“I worked with a Harvey Weinstein-type, a Bill Cosby-type.” The caller began in a hesitant voice, and then stopped.

Something in her voice chilled me. “What do you mean, worked with?”

I glanced at the phone dial. Unknown caller.

Her story slowly unfurled. She worked for a man and handled general administrative tasks. She also coordinated his apartment rental, and the cleaners who kept it tidy. She arranged the food, champagne, and wine in his pantry.

She knew her boss molested others.  

“But never me,” she insisted.

“But he did,” I said, keeping my voice soft, careful not to make her feel judged.

Her call to me had come at the height of the #metoo movement. I felt if I could get her to alert the authorities, she could stop him. “He made you a part of what he was doing.”

When I sensed she was about to hang up, I pressed harder. “You let something very wrong happen to others.”

Click.

She’d reached out to me, a weekly newspaper columnist and blogger. I didn’t have a lot of options for locating her if she didn’t want to be found. At that time, a former police chief and former police detective worked for me. After the call, I asked what avenues I had for tracing the call and was told, “None really, if a trace wasn’t put on the call.”

In the same way that some people think they’ll never forget a face, I had the sense I’d never forget her voice. I felt our call wasn’t finished.

I talked with my employees about how to reach out to her and they said, “She picked you because of the articles you write. Keep writing.” I continued writing articles about courage, integrity, sexual harassment, and other topics, and hoped she’d reach out to me again, or to someone better able to help her fix what was wrong.

Last week I got a call that was a quick hang up, after the words “I did it.” I had the sense at the time, and still do, that it was her. Something about her voice. And the fact that we had a connection of sorts. If it was her, and she took steps to do the right thing, it made me again glad for the privilege of writing a blog.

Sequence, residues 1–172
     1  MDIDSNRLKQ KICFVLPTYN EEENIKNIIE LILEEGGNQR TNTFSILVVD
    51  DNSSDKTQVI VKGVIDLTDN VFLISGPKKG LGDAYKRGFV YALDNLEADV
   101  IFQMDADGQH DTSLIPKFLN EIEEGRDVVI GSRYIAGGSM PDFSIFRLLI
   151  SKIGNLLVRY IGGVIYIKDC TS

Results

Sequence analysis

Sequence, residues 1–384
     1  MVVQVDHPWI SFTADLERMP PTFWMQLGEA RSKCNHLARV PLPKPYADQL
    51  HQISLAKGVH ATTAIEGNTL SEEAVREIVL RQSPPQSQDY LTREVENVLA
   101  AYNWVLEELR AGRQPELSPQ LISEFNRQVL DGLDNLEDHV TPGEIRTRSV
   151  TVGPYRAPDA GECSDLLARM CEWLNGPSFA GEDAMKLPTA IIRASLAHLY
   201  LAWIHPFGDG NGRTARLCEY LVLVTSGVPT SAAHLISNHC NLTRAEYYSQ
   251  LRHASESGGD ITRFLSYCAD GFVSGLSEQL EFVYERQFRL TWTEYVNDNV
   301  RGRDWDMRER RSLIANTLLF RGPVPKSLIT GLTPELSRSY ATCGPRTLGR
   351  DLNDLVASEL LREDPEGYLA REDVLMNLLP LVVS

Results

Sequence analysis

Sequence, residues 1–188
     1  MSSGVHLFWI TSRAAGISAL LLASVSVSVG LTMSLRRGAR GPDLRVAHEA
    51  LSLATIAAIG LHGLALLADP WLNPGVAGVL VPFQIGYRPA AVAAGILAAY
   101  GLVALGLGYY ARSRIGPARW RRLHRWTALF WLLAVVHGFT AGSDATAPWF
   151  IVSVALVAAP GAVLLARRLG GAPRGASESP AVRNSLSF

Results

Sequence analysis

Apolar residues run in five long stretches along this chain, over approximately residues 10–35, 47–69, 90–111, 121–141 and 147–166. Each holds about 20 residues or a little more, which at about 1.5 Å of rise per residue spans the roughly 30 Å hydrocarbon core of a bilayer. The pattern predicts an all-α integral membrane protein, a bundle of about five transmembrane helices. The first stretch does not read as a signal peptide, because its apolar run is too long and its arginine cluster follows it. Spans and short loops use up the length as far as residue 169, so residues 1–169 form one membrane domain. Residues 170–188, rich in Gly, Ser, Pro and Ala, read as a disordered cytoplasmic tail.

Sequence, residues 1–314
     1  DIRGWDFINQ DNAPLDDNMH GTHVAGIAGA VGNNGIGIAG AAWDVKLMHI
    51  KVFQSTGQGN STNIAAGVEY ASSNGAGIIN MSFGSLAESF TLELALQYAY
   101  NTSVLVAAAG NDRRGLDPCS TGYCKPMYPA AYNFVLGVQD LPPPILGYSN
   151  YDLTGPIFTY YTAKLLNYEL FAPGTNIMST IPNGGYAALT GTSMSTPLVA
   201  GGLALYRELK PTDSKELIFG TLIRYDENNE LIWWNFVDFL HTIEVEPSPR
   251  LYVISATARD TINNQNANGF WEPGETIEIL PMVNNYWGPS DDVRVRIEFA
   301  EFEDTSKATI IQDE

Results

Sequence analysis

(c) 2022 Lynne Curry

You might like some of the other articles I wrote, hoping to reach her, including “Courage, Convictions & Speaking Up, https://workplacecoachblog.com/2022/03/ukraine-are-we-brave-or-quiet/; “Are We Brave or Quiet?” https://workplacecoachblog.com/2022/03/ukraine-are-we-brave-or-quiet/; “Why Do Some Get Away With Sexual Harassment?” https://workplacecoachblog.com/2017/10/why-do-some-get-away-with-sexual-harassment/; Why You Should Stop Playing It Safe, https://workplacecoachblog.com/2019/12/why-you-should-stop-playing-it-safe-in-your-job/ and Dispelling Some Myths about Sexual Harassment, https://workplacecoachblog.com/2016/01/dispelling-some-myths-about-sexual-harassment/

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4 thoughts on “Complicit & Helping Someone Find Her Courage

  1. Lynne, what a wonderful success story! They don’t happen often enough, but you, with your careful word choice and true caring spirit, helped this woman do the right thing. Hooray for you and for her!

  2. Susan/Suz, thank you as always for completely understanding the “heart” of the real-life stories I’ve been gifted to tackle.

  3. This is why I blame every pope, cardinal, bishop, priest, and nun for what has been going on in the catholic church for hundreds of years. They and other organized religions have covered up sexual crimes with the help of those who refuse to speak up. They were/are more concerned with image and fund raising than the welfare of children.

    Penn State fell under the same cloud. The university’s image, football, and alumni bequests were more important than the students.
    Unfortunately, Penn State is just one of many…….

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